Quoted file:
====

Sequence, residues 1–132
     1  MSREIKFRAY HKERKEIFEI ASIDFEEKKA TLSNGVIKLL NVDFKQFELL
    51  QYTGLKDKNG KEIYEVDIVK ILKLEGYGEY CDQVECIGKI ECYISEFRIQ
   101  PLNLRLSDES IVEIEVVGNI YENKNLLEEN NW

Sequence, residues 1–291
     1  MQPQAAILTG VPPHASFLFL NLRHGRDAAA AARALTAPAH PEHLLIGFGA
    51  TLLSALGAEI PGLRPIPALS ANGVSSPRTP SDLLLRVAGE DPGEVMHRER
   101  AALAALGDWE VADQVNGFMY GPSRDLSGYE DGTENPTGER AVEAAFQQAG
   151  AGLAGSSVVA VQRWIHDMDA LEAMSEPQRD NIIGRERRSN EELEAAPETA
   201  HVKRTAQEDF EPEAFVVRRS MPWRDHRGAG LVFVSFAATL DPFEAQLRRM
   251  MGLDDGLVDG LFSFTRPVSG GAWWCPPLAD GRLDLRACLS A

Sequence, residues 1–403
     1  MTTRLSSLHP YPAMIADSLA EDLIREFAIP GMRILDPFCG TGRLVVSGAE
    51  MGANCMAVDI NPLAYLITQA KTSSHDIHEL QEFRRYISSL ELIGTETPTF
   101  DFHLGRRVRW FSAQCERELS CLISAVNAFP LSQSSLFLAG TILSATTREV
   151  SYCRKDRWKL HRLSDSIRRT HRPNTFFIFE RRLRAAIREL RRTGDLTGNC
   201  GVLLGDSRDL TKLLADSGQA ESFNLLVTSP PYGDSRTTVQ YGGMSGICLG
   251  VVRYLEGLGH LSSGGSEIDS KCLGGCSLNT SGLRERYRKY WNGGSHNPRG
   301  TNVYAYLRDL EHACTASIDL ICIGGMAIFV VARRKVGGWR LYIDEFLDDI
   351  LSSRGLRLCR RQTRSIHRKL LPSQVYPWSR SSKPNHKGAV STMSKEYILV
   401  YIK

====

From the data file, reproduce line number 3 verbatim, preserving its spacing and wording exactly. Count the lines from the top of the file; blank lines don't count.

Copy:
    51  QYTGLKDKNG KEIYEVDIVK ILKLEGYGEY CDQVECIGKI ECYISEFRIQ